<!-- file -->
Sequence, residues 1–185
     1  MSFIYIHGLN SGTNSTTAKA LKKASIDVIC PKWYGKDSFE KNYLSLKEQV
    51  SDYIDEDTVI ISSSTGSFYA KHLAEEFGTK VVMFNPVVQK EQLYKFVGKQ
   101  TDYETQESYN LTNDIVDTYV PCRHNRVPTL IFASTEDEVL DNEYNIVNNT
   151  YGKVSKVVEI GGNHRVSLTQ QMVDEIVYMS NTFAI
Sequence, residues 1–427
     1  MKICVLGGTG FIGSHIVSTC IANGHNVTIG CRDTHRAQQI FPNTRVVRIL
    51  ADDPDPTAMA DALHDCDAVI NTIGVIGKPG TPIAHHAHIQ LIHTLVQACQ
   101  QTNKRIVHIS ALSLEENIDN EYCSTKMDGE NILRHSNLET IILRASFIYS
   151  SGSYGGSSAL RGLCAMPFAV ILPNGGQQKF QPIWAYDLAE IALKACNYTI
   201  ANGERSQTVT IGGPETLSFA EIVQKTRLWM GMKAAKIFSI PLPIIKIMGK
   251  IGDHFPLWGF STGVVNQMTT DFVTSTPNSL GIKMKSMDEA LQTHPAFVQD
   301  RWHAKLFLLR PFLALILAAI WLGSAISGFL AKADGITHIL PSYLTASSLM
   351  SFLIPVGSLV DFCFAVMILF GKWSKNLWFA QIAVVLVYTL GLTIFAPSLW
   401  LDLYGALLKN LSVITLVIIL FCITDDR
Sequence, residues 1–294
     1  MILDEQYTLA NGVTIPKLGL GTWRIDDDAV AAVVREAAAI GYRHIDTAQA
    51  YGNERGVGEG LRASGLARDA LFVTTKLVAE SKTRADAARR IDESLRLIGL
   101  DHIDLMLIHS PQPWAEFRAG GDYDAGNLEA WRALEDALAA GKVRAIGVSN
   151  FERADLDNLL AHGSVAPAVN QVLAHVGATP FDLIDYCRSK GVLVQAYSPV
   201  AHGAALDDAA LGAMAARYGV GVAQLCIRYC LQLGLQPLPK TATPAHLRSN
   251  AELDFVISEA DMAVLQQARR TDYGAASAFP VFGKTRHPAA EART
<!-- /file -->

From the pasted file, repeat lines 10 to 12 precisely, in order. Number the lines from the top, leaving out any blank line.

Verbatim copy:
   151  SGSYGGSSAL RGLCAMPFAV ILPNGGQQKF QPIWAYDLAE IALKACNYTI
   201  ANGERSQTVT IGGPETLSFA EIVQKTRLWM GMKAAKIFSI PLPIIKIMGK
   251  IGDHFPLWGF STGVVNQMTT DFVTSTPNSL GIKMKSMDEA LQTHPAFVQD